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'At his urging,' Ng says, he fiddled with these concepts on his home computer.
At age 16, he wrote a program to calculate trigonometric functions like sine and cosine using a 'neural network' - the core computing engine of artificial intelligence modeled on the human brain.'It seemed really amazing that you could write a few lines of code and have it learn to do interesting things,' he said.
Until then, computer scientists had mostly relied on general-purpose processors - like the Intel chips that still run many PCs.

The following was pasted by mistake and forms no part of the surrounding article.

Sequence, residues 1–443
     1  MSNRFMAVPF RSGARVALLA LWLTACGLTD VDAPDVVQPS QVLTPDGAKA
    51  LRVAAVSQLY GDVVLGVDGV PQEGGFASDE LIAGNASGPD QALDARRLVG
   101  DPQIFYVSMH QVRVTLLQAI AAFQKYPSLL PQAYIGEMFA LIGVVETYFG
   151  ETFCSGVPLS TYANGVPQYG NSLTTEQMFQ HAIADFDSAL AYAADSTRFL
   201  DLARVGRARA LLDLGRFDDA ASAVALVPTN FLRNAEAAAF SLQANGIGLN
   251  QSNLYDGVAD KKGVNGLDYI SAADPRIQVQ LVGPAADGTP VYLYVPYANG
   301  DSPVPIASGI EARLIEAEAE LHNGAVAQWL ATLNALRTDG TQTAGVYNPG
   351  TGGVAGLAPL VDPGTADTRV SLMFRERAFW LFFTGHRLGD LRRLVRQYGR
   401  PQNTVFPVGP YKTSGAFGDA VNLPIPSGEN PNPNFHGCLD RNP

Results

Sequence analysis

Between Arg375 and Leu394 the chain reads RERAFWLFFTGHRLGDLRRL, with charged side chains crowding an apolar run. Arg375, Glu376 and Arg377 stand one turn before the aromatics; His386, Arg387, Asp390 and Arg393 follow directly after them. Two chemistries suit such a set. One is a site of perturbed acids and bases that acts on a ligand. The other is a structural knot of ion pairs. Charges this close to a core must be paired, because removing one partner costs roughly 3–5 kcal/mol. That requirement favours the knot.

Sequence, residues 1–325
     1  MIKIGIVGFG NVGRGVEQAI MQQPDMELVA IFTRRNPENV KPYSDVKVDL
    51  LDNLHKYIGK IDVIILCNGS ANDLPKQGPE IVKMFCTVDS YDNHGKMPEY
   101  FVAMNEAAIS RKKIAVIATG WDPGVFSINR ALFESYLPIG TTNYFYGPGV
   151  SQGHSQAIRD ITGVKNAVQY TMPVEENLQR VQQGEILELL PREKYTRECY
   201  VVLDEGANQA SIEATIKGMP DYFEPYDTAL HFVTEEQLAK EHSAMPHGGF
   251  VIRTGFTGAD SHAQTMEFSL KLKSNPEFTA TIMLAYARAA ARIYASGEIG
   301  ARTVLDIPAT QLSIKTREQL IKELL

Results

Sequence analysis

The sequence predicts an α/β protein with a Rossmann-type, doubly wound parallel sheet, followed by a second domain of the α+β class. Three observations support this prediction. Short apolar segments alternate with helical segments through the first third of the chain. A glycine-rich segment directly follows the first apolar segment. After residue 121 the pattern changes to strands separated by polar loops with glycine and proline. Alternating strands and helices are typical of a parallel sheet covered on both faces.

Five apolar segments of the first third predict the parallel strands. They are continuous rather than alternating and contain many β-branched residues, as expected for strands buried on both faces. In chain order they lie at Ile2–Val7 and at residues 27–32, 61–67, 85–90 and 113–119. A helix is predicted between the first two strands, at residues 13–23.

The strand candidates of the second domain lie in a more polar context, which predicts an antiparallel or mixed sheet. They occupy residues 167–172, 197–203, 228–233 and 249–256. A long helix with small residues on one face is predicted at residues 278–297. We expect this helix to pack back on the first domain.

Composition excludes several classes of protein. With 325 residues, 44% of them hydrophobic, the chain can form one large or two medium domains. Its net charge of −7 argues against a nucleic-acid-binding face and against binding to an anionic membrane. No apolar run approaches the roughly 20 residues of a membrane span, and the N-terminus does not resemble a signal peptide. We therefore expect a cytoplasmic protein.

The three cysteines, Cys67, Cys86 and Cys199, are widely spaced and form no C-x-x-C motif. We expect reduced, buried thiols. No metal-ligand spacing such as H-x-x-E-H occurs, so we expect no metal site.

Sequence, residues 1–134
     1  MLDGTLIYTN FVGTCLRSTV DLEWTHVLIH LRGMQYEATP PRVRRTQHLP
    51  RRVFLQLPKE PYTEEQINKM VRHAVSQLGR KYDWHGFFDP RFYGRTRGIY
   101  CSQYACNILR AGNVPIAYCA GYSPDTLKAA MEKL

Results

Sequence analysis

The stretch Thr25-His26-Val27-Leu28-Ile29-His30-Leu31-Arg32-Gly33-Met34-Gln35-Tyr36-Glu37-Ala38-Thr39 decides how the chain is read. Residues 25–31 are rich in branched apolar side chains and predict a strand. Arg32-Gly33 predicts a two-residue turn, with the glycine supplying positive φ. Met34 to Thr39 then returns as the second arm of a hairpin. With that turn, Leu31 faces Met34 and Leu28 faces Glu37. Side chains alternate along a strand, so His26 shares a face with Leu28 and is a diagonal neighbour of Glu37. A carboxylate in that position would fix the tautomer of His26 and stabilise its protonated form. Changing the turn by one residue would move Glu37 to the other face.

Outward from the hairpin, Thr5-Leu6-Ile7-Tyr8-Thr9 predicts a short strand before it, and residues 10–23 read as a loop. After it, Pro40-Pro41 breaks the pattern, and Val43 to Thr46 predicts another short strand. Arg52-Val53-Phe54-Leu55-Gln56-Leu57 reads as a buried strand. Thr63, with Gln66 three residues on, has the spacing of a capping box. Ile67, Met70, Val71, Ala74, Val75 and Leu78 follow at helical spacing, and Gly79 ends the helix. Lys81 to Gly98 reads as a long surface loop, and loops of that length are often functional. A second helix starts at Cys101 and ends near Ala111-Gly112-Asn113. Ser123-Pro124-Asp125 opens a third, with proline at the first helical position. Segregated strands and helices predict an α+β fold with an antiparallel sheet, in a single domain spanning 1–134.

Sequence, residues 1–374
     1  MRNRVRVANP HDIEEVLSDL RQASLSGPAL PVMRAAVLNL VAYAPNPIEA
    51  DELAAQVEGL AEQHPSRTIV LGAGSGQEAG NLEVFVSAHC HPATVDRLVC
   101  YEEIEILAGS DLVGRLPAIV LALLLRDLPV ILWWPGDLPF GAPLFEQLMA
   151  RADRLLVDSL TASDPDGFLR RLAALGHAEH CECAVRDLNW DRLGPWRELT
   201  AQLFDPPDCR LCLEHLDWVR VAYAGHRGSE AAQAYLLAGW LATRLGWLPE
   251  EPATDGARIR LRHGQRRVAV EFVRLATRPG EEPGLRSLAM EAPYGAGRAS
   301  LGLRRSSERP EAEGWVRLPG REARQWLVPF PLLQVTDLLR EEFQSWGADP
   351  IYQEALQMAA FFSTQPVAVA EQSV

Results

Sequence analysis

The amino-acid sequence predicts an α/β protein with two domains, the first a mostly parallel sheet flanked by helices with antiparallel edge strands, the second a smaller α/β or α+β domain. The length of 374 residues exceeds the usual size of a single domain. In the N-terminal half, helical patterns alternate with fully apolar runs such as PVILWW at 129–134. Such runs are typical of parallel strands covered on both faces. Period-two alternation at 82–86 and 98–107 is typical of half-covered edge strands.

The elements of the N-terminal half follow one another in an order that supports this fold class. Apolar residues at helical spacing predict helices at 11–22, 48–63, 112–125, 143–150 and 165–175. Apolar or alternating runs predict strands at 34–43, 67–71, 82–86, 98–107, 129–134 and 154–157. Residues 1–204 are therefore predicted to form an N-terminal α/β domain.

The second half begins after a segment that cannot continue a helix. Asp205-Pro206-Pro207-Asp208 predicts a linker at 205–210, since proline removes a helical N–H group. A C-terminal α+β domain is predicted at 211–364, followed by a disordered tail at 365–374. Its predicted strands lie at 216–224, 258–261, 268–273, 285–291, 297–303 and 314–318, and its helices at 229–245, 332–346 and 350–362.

His Stanford team began publishing papers on the technique a year later, speeding up machine learning by as much as 70 times.
Geoffrey Hinton, whose University of Toronto team wowed peers by using a neural network to win the prestigious Image Net competition in 2012, credits Ng with persuading him to use the technique.
The work was 'inspiring and exciting,' recalls Pieter Abbeel, then one of Ng's doctoral students and now a computer scientist at Berkeley.
Abbeel says he once crashed a ,000 helicopter drone, but Ng brushed it off.'Andrew was always like, 'If these things are too simple, everybody else could do them.''Andrew Ng poses at his office in Palo Alto, Calif.